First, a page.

The fourth annual Health Equity Summit brought around 70 people together June 8 in a collaborative event at the Western Michigan University Multicultural Center to discuss how to build trust through community collaborative partnerships for health equity.
WMed Dean Dr. Paula Termuhlen opened the conference followed by land acknowledgment and facilitation by Candy McCorkle, WMU’s vice president for diversity and inclusion.
This year’s summit, organized by WMed’s Department of Health Equity and Community Affairs, was the first collaborative health summit with the leaders for diversity, equity and inclusion from Western Michigan University, Kalamazoo College, and Kalamazoo Valley Community College. The summit included presentations from students and faculty members from each institution, as well as leaders in community health from Ascension Borgess, Bronson Healthcare, Cradle Kalamazoo, the Family Health Center, and the Northside Ministerial Alliance.
“We came together to look at how we can collaborate on health equity, build trust, make an impact and improve health outcomes for those that have disparate or inequitable health outcomes in the community we all serve,” Dr. Cheryl Dickson, the medical school’s associate dean for Health Equity and Community Affairs, said of the summit.
Philip Alberti, PhD, founding director of the AAMC Center for Health Justice, gave the keynote speech, titled “Centering Community Engagement to Achieve Health Equity.”
“Every community begins at the same starting line for health,” Dr. Alberti told the crowd. “Health equity is not about individuals, it’s about populations. It’s not one patient at a time. It’s a population health dynamic that can only be addressed by population-level interventions that move entire communities toward justice all at the same time, not one at a time.”
Following Dr. Alberti’s presentation, representatives from WMed, WMU, Kalamazoo College and KVCC gave panel presentations about their diversity, equity and inclusion initiatives. Angela Groves, PhD, an assistant professor at the WMU Bronson School of Nursing and Geraldine Granados-Todd, a WMU student, presented on hypertension and diet relation in African-American women. Patrick Joswick, director of nursing at KVCC, presented with Erricka Albers, RN, about the holistic admissions policy and process, and Mark Schauer, MD, an assistant professor in WMed’s Department of Medicine, presented with WMed students Tucker Morris and Amanda Hunt about the medical school’s health screenings for the unhoused programs. Wraegen Williams, PhD, Kalamazoo College’s Director of Careers in Health and Medicine, presented about high touch advising, a tool to improve the pipeline to medical school.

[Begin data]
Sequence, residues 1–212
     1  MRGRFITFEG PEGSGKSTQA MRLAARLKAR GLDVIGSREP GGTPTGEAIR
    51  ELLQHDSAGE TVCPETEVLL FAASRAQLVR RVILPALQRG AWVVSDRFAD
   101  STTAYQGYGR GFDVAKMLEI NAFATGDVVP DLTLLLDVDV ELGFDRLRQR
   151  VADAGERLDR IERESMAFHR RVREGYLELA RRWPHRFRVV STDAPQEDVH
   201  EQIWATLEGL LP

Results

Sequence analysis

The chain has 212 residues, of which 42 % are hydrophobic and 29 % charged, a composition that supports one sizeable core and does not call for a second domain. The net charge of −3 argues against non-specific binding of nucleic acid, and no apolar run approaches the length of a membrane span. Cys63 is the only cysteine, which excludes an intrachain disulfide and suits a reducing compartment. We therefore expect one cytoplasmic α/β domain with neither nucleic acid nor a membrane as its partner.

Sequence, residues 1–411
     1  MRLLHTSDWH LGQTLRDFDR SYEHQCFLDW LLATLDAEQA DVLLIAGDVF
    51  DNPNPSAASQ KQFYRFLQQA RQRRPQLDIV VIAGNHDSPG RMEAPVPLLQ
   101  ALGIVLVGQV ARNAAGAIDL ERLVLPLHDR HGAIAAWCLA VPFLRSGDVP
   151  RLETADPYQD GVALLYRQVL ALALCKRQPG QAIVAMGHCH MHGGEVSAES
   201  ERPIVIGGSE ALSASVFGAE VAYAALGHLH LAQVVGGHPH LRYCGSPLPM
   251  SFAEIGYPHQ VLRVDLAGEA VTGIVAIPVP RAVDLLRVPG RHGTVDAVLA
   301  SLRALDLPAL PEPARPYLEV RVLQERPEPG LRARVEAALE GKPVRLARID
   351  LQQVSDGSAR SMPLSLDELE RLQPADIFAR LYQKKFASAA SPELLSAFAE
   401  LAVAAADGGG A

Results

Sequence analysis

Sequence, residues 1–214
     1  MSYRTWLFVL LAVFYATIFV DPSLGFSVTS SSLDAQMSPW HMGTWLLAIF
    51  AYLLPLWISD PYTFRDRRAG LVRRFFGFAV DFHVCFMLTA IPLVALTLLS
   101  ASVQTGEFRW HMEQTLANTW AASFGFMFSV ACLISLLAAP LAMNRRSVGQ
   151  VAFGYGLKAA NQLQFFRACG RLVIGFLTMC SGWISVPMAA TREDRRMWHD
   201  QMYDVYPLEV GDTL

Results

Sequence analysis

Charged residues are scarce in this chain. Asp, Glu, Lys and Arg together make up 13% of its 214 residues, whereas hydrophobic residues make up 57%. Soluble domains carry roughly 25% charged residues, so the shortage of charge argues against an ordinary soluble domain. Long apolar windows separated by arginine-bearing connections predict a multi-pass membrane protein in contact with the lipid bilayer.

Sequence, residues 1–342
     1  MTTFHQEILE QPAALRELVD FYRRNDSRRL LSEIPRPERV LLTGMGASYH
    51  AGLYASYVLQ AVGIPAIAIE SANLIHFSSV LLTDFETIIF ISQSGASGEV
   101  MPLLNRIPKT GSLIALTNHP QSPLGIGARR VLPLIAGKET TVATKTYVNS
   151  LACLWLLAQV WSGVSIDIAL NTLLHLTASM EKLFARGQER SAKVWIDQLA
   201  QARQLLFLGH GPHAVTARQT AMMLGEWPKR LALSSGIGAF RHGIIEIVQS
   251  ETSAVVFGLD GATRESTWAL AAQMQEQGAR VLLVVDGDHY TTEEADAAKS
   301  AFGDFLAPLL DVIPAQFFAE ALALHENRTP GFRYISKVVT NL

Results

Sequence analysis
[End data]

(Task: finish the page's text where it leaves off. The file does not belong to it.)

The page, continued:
Later in the day, Jodee Rolfe, manager of community benefit at Ascension Borgess, and Joel Murr, Bronson Healthcare’s director of Community Health Advancement, presented information about the Community Health Needs Assessment the health systems performed in collaboration with the Family Health Center. Carolyn Whatley, MD, chief medical officer of the Family Health Center, shared their initiatives around the COVID-19 vaccine, which included partnerships with community organizations and clinics to administer the vaccine. The audience also heard about Cradle Kalamazoo’s initiative to reduce disparities in black infant mortality and Mt Zion Church’s partnership with health systems and WMed to create health equity.
Having this year’s Health Equity Summit be a collaborative effort reflects how all of these organizations can work together to create health justice in the Kalamazoo area, Dr. Dickson said.
“We have a responsibility,” Dr. Dickson said of the organizations involved in the summit. “We’re seen as leaders and we can advocate on levels that really make a difference. It’s important for us to come together so that we’re not competing with each other but working collaboratively with each other.”